“Training? To be honest, ours is on the job training, and that’s about it.”
If a manager admits that to you, they often have a cowed expression on their face, and they say the words apologetically. They’re quick to explain about cutbacks in training budgets, or they feebly try to change the subject somewhat, under the guise of giving their senior employees some strokes for doing such a good job at it with their newbies.
However I have to say that I would welcome more On the Job Training if only it actually happened consistently, and included some healthy doses of coaching.
Thanks to my own work and the fact that I travel so much to do it, I’m able to collect a lot of customer experiences, and I am in a lot of workplaces where I eventually become one of the gang and people let their guard down, comfortably becoming their normal at-work selves around me. I rarely see any On the Job Training actually happening, and if I do, it is all about skills with sprinkles of random knowledge factoids sprinkled on top. There isn’t any coaching.
Now I understand that managers need to be discreet about it, and that I wouldn’t (and shouldn’t) actually see the coaching happening before my eyes unless those managers were real jerks who didn’t care about embarrassing their staff. However I would eventually enjoy the results of managers training and coaching their people on the job if it happened, right?
I am on a business trip right now, and this is day 4 for me of a 7-nighter in the same place. There is a major chain bookstore near my hotel that has proved to be an every-day haunt for me because of its cafe and free parking, and bookstores are like great big candy jars for me anyway – love ’em. It didn’t take me that long to figure out who the floor managers are, and to pick a few staff people to keep tabs on over the course of my frequent visits, staff members who really have no concept of warm, gracious, engaging customer service skills. They certainly were not hired for their smile readiness, for they don’t even give them to each other.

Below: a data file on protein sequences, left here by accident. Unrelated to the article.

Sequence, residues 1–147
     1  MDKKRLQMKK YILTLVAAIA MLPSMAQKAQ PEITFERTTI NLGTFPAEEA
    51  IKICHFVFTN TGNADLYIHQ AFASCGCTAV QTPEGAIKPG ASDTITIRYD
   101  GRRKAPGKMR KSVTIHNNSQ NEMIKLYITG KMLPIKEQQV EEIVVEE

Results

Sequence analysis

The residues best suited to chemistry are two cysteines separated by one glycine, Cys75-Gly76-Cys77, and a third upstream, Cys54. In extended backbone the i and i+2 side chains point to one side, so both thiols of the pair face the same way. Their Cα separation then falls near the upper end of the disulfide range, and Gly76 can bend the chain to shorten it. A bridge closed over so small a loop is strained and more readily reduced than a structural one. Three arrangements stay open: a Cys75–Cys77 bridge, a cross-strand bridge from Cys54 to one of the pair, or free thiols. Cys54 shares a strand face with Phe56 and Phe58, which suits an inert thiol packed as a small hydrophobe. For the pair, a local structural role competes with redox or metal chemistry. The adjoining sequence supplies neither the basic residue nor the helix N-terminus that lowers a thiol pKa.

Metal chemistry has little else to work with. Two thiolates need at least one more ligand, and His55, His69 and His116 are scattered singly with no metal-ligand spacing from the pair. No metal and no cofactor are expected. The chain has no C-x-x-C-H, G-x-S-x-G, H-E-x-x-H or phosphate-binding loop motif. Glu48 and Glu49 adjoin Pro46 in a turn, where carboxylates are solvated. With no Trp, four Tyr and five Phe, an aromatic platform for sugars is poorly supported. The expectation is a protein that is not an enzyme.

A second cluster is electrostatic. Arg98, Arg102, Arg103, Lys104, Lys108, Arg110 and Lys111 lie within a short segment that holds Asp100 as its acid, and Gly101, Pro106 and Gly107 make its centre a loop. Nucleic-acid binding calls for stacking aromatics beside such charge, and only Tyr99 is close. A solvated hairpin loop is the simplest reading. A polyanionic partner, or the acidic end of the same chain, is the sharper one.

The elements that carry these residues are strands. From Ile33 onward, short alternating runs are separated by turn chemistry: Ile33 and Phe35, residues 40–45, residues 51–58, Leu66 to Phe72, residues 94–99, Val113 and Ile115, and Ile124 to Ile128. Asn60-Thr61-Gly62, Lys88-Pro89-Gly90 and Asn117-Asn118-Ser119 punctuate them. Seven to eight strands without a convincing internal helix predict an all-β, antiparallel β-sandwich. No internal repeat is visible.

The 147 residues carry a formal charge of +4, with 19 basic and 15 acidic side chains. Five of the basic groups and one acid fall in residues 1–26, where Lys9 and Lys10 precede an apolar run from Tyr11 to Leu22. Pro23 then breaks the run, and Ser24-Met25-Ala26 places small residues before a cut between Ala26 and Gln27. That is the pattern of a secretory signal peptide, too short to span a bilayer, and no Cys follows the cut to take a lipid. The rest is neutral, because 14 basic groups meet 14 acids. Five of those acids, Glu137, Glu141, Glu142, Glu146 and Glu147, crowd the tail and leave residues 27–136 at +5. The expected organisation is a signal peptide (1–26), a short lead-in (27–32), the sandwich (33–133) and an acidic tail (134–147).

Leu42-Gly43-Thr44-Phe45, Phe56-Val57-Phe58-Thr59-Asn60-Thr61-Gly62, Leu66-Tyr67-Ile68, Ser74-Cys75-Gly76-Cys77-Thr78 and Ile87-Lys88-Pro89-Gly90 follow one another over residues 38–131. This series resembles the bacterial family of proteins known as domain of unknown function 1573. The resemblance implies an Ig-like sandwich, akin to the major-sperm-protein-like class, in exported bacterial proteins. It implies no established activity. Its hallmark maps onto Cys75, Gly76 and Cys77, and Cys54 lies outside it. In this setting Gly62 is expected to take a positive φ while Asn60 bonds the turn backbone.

I couldn’t stand being a manager for one day in this place, without taking these employees aside individually and coaching them…
I’d like to give you some coaching on handling the next customer coming up to the counter, okay? I can see that you have the skills you need as a cashier down pat right now, and your transaction time is quick and efficient: I’m sure people appreciate that, as do the customers waiting their turn in line. Now let’s put your personal signature on your work, and get your warmth and aloha to shine through. Instead of saying, “next in line?” look directly at that person in the front of the line, make eye contact and give him or her your biggest, brightest smile, and say something like, “hello, may I help you now?”
Then, I’d discreetly watch them with the next few customers, and yes, they would know I was watching. I would be their biggest cheerleader when they got it right, thanking them for making the extra effort, and letting them know how much I appreciated it – and how positive I am that they made a big impression on the customer too.
Instead, I see managers oblivious to the quality of service the customers are getting – even when they are pitching in at the very next register. They just don’t see what I see as a customer, and if they do, they aren’t responding to it, and they aren’t coaching.
You don’t have to apologize to me for “only” doing On the Job Training. You should be apologizing to your employees, your customers, and your business for not doing it.